Not So Highly Recommended

, , , , , , , | Related | December 9, 2017

(My husband and I are visiting his family for Thanksgiving, including his mother, aunt, and grandparents. His mother in particular is a very impatient and self-centered person. We’re in the open living room and kitchen area while his grandparents are working in the kitchen. They refuse to let us help out at all, as we are “guests,” so we are chatting with his aunt and mother when she interrupts my husband’s story:)

Husband: “So, we were trying to–“

Mother: “You know what?! I woke up this morning with a really bad pain in my neck!”

Husband: *caught off guard by the interruption* “Uh… Um, I’m sorry?”

Me: “Well, I’ve got some acetaminophen in my purse if you want some?”

Mother: *with a dramatic sigh* “No, no, no! Those just don’t work on me! They never make the over-the-counter stuff strong enough for me! I have to have a prescription for any kind of pain, but I left my pills at the hotel!”

Aunt: “Well, all I have is some muscle relaxant for my shoulder, but that won’t help much with the pain.”

Mother: *shouting across room at grandparents who are busy in the kitchen* “[Grandmother]! Do you have anything that might actually work for me?! It has to be something strong!”

Grandmother: “Well, I’ve got some leftover oxycodone from when they fixed my knee. Would that work?”

Mother:Yes! That will work! Where is it?”

Grandmother: “It’s just in our bathroom, on the top shelf of the medicine cabinet.”

Mother: *exaggeratedly rubs side of neck* “Oh! Can you go get it for me? My neck hurts too much to look up!”

Me: *starts to get out of chair* “I can go grab it.”

Mother: *waves her hand at me to sit back down* “Oh no, dear! Don’t you fuss over little ol’ me! [Grandmother] can get it just fine!”

(My husband and I just sit awkwardly while [Grandmother] has to stop working on a side-dish and wash her hands to go to the bathroom and retrieve the pills. She hands one to [Mother] who immediately swallows the pill without water.)

Mother: “Oh! I hope that helps! My neck is just so sore!”

(But, not even five minutes later, she’s still complaining about the “horrible pain” in her neck:)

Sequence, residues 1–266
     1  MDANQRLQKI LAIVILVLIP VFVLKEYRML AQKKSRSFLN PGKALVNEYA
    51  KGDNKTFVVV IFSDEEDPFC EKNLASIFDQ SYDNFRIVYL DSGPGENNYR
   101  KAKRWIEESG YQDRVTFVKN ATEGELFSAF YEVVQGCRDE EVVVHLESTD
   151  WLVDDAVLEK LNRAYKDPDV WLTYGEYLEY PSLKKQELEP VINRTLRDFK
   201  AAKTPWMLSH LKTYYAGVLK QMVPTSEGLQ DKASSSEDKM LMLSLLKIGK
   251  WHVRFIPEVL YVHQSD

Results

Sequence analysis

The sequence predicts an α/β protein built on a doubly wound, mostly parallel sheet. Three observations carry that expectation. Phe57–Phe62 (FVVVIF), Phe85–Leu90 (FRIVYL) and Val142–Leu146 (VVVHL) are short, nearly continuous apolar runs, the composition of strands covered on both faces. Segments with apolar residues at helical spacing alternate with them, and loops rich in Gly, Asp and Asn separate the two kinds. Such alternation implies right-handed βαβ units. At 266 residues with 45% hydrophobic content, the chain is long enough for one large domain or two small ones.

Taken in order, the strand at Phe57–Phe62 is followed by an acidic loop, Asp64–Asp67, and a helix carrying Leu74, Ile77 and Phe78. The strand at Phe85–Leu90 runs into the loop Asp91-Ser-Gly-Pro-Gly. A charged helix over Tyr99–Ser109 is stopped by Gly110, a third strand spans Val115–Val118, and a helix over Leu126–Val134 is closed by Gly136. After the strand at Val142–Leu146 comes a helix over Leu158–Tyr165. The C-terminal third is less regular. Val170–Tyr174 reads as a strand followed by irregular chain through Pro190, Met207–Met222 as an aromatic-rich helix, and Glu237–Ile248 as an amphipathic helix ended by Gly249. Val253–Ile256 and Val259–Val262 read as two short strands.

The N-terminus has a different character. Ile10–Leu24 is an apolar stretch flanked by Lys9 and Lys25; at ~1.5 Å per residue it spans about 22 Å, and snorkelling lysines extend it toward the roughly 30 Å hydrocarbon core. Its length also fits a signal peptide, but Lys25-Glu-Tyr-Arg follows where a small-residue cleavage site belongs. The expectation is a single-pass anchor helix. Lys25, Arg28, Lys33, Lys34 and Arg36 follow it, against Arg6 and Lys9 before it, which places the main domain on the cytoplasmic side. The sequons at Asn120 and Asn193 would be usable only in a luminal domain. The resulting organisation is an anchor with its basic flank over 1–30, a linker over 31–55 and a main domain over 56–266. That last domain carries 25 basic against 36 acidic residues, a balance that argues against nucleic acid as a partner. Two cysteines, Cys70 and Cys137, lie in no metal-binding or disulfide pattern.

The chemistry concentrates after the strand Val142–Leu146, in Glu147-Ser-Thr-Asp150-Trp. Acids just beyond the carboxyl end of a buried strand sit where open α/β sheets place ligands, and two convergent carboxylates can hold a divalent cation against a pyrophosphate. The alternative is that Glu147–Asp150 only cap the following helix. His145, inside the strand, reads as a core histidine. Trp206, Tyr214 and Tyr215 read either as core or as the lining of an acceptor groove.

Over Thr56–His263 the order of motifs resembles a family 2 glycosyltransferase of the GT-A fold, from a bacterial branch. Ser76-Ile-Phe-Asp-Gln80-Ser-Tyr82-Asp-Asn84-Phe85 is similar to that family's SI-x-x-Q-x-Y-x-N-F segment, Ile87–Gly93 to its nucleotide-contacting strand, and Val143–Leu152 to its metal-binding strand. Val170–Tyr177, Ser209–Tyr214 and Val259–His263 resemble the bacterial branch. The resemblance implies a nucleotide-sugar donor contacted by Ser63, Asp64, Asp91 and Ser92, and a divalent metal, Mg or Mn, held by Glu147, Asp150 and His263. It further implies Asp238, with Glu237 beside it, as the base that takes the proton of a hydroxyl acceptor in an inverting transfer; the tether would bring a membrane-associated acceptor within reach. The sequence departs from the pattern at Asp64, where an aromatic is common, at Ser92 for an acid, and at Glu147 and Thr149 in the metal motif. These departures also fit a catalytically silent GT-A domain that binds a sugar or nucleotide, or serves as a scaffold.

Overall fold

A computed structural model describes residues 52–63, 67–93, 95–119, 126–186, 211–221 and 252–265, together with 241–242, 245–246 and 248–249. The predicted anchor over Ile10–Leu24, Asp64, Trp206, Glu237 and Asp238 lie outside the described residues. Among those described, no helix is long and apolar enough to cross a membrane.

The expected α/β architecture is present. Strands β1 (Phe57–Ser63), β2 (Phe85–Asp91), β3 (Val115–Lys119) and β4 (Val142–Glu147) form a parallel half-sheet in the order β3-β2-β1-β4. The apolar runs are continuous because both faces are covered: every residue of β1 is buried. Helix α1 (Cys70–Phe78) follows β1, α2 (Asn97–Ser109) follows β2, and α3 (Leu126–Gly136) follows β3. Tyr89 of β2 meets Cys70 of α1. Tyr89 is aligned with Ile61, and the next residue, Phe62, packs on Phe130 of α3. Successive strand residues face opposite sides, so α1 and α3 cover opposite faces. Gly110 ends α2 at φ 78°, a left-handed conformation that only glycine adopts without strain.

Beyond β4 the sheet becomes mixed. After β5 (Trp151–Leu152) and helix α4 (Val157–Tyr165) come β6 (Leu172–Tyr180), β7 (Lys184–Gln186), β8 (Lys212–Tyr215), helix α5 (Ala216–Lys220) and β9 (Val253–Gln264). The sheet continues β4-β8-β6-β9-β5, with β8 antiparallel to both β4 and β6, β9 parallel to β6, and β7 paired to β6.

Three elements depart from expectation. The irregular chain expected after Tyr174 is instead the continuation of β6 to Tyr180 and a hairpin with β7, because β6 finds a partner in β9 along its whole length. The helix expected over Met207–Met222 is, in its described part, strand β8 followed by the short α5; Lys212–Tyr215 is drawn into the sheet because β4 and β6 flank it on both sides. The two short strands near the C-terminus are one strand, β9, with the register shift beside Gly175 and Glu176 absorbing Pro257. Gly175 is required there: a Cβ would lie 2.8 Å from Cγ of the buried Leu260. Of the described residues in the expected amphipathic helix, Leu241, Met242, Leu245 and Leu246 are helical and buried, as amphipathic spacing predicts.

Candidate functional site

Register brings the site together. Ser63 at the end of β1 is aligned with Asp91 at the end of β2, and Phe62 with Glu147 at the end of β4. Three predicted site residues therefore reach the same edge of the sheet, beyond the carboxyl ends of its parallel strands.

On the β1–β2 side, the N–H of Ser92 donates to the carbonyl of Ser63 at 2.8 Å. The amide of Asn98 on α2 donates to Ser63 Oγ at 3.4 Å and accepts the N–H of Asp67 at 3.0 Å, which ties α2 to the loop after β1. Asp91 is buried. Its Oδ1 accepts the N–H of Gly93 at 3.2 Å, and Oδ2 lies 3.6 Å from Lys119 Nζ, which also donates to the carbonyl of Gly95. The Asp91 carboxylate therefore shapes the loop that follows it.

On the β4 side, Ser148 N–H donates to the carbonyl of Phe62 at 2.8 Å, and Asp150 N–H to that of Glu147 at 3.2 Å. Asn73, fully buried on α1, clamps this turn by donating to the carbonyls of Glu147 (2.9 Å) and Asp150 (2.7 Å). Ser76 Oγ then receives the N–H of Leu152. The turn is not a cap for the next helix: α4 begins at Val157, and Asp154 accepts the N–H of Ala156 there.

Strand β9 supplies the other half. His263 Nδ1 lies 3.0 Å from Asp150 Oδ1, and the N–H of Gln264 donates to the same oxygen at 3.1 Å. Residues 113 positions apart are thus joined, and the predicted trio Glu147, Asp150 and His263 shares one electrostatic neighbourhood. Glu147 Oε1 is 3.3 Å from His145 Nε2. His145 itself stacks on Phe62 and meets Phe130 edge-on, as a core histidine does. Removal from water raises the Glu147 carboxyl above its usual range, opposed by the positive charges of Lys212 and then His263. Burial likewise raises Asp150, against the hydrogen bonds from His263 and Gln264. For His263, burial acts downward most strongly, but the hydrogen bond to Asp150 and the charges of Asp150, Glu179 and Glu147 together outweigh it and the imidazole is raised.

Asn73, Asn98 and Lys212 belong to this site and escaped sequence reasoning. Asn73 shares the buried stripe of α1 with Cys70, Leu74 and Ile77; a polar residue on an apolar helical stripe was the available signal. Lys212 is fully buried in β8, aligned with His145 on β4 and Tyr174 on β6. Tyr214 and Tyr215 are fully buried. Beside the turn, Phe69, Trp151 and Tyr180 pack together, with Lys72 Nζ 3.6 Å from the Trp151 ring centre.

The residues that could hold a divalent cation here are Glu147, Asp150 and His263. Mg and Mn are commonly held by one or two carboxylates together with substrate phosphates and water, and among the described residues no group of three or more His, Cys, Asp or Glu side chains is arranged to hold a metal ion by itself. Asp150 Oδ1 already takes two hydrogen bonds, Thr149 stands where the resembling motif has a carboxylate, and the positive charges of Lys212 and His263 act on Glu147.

Mother: *turning to aunt and interrupting my husband again* “You know that pill just is not working! Can I have one of your muscle-relaxers?”

Me: “It probably just hasn’t kicked in yet. You could try to give it a few more minutes?”

Mother: *in a snotty tone* “No! It’s definitely not working! I knew this would happen; I always have to take more than other people! [Aunt] please? My neck hurts!”

([Aunt] turns and pulls a pill out of her purse, while rolling her eyes so I can see, and hands it to [Mother] who, once again, swallows it without a drink. She finally stops complaining and we go back to chatting. About ten minutes later she is telling a story about her work when this happens:)

Mother: “—and they said I did such a good job with the display that they want me to…” *voice trails off and she just sits quietly for a moment*

Husband: “Uh… Mom?”

Mother: *softly* “It’s really pretty in here with all these lights!”

([Aunt] turns to hide her face as she quietly shakes with laughter.)

Husband: “Um, okay. You were saying? About the display?”

Me: *looking at [Mother]’s eyes, which have dilated considerably* “Uh, honey, I don’t think she’s going to finish that story.”

Husband: *whispering to [Aunt]* “Did she just get high off those pills?!”

([Aunt] just lost it and started laughing so hard she almost fell out of her chair, which just made the rest of us laugh! [Mother] was so out of it that we couldn’t get her to stand up, so we just let her sit at the table. She was so high she just stared at the lights and occasionally giggled to herself for the next few hours while we continued to hang out. She did mostly come-to once dinner was served. I don’t know if she realized what happened, or refuses to admit it as she has never mentioned it, but the rest of the family likes to joke about it every year!)

An Extra Nugget Of Consideration

, , , , , | Right | December 8, 2017